Tim Farron backs Alistair Carmichael over memo leak

Tim Farron is appointed new leader of the Liberal Democrats, watched by his predecessor Nick Clegg. Picture: Getty
Tim Farron is appointed new leader of the Liberal Democrats, watched by his predecessor Nick Clegg. Picture: Getty
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THE new leader of the Liberal Democrats has given his backing to the party’s last remaining Scottish MP Alistair Carmichael over the controversial Nicola Sturgeon memo leak row.

Tim Farron said “most decent people” would think the Shetland MP, who has come under pressure to quit over the affair, should be given a second chance.

Mr Carmichael is facing a legal challenge to his re-election to Westminster after he admitted responsibility for a leaked memo written by a civil servant which wrongly suggested First Minister Nicola Sturgeon would prefer to see David Cameron, rather then Ed Miliband, win the general election and become Prime Minister.

The former Scottish secretary, who had previously insisted he was unaware of the memo, admitted after the general election that he had allowed his special adviser to release details of the document to a newspaper.

Mr Farron, who became the Lib Dems’ new leader on Thursday, was asked yesterday if Mr Carmichael should resign and stand for re-election in a by-election.

He said: “Most decent people – and most people are decent people – think people deserve a second chance.

“Alistair has made a very, very fulsome apology and I think most decent people in Scotland, and in Orkney and Shetland in particular, and across the country think, fair enough, give the guy a break.

“A handful of people want to pursue it, that is their right, but I think it speaks more about them than they would want it to be said.”

Mr Farron replaces Nick Clegg as Lib Dem leader after defeating former coalition minister Norman Lamb in a two-way contest.

The confidential memo was written by a civil servant in the Scotland Office and was a third-hand account of a conversation between the First Minister and the French ambassador.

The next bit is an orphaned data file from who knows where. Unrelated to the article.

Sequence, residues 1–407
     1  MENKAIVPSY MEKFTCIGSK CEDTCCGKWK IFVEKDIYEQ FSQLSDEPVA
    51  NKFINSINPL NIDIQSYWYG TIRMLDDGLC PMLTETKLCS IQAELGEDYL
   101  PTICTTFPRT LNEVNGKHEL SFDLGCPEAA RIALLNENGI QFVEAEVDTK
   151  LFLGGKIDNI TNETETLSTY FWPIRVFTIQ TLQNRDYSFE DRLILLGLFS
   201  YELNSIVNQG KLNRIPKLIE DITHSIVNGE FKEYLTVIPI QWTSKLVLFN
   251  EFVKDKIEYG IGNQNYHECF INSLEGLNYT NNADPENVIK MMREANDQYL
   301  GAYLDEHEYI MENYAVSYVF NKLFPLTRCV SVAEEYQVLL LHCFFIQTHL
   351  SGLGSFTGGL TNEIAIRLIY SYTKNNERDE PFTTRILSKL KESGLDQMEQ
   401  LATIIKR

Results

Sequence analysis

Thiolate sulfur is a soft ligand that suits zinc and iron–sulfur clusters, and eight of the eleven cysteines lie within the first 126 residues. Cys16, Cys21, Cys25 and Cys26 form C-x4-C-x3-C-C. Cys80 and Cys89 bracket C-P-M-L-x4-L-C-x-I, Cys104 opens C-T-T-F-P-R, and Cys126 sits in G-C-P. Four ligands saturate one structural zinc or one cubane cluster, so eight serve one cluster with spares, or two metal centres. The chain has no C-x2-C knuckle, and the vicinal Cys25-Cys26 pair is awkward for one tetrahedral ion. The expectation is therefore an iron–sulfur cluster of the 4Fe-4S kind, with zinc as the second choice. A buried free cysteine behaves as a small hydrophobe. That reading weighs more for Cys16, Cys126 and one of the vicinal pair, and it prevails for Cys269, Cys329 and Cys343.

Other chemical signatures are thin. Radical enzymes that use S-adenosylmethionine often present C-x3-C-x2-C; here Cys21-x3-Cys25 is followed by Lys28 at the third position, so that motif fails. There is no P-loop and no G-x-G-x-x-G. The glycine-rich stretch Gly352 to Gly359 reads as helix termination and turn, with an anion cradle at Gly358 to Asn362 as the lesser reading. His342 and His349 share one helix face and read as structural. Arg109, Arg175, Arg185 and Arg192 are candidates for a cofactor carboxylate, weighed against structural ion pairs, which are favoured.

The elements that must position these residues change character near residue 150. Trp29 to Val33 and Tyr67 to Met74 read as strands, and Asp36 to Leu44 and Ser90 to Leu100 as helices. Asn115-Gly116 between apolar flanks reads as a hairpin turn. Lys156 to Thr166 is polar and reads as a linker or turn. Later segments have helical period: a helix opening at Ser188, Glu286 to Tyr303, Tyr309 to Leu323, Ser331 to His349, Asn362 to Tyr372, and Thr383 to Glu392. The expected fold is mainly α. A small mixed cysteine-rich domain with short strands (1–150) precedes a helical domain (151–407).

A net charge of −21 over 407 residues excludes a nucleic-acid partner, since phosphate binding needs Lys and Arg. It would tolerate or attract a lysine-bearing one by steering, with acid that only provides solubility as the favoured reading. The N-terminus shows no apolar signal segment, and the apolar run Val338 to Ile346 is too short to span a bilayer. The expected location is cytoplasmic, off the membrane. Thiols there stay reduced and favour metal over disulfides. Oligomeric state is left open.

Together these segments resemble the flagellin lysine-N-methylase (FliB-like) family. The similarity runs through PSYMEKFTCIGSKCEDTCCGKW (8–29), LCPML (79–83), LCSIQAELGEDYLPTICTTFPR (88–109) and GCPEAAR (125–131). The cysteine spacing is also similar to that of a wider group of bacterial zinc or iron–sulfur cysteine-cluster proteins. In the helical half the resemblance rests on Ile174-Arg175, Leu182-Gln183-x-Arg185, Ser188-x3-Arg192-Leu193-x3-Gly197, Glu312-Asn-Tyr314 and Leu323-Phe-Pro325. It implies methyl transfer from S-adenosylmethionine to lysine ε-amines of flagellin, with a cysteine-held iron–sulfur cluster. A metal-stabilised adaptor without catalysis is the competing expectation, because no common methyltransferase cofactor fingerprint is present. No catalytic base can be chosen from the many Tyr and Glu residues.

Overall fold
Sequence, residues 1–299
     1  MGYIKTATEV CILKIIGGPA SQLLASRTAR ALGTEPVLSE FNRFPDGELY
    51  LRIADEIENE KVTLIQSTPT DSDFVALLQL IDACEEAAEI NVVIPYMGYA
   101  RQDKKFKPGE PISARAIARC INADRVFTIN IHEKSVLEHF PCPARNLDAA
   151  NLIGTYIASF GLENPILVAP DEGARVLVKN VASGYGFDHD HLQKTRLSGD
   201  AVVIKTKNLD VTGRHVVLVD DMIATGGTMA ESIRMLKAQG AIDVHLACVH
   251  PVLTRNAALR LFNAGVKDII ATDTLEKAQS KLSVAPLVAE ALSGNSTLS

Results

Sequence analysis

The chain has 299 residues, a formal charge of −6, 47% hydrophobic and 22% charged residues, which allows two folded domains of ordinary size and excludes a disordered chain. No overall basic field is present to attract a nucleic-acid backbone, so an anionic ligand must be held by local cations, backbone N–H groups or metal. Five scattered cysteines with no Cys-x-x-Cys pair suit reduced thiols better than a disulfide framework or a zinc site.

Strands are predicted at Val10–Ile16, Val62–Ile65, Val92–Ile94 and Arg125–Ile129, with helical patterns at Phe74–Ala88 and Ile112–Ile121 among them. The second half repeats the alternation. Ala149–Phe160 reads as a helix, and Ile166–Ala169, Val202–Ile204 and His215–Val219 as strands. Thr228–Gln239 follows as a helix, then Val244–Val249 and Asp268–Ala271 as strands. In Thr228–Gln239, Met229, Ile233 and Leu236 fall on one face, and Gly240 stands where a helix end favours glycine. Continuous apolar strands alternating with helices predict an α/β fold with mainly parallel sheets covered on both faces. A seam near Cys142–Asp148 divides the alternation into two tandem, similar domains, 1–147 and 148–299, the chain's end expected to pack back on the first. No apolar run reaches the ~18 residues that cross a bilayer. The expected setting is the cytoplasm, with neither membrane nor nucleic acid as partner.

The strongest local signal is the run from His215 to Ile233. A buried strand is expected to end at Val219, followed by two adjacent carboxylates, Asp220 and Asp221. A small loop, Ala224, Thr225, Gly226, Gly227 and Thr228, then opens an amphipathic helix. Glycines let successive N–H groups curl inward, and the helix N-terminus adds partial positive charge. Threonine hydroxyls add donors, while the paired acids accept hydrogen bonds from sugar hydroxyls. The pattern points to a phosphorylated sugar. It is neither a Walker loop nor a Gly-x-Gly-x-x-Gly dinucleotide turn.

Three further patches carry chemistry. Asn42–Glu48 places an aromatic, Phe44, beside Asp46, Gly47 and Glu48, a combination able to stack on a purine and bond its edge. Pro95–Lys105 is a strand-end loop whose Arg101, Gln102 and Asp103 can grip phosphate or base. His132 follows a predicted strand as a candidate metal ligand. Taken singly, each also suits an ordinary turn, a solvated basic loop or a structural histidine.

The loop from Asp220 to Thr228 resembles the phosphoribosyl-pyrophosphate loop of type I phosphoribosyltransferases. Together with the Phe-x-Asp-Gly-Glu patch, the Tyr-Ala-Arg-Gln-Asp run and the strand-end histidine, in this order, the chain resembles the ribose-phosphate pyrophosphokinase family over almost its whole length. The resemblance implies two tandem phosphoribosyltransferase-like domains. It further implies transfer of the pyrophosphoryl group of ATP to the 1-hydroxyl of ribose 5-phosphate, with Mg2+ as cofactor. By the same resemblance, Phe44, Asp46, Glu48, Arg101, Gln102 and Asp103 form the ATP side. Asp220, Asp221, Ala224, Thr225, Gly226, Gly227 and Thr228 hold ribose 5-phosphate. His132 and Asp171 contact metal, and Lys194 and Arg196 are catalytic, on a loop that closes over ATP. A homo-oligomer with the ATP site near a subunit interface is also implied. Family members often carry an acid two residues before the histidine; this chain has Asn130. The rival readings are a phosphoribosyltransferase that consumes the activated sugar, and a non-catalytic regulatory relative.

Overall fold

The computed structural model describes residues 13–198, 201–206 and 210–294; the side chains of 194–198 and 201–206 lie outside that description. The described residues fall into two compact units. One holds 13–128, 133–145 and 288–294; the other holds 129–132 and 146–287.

Both the First Minister and the ambassador insisted she had not made the comments about the Prime Minister, and the memo had contained a disclaimer that parts of the conversation may have been “lost in translation”.

Mr Carmichael, who was Scottish secretary in the Tory-Lib Dem coalition before May’s election, initially denied leaking the confidential memo to the Daily Telegraph newspaper but has since admitted being responsible.

The article, which was published in the newspaper on 4 April, at the start of the general election campaign, contained details of a private meeting between Ms Sturgeon and the French ambassador Sylvie Bermann.

It claimed the SNP leader would prefer to see Tory leader David Cameron become prime minister rather than his Labour opponent Ed Miliband.

Both Ms Sturgeon and the ambassador denied the account and Mr Carmichael accepted, after the election campaign, that the “details of the account are not correct”.

Mr Carmichael will appear before a special electoral court in September after a legal challenge to his election was lodged by a group of constituents under the Representation of the People Act 1983.

Earlier this month, the press regulator upheld a complaint against the Daily Telegraph over the story about the memo.

Its complaints committee said that, while the newspaper was entitled to report on the memorandum, it had published its contents as facts without taking additional steps prior to publication, such as contacting the parties involved for their comment.

The newspaper said it had confirmed the accuracy of the memo with two sources.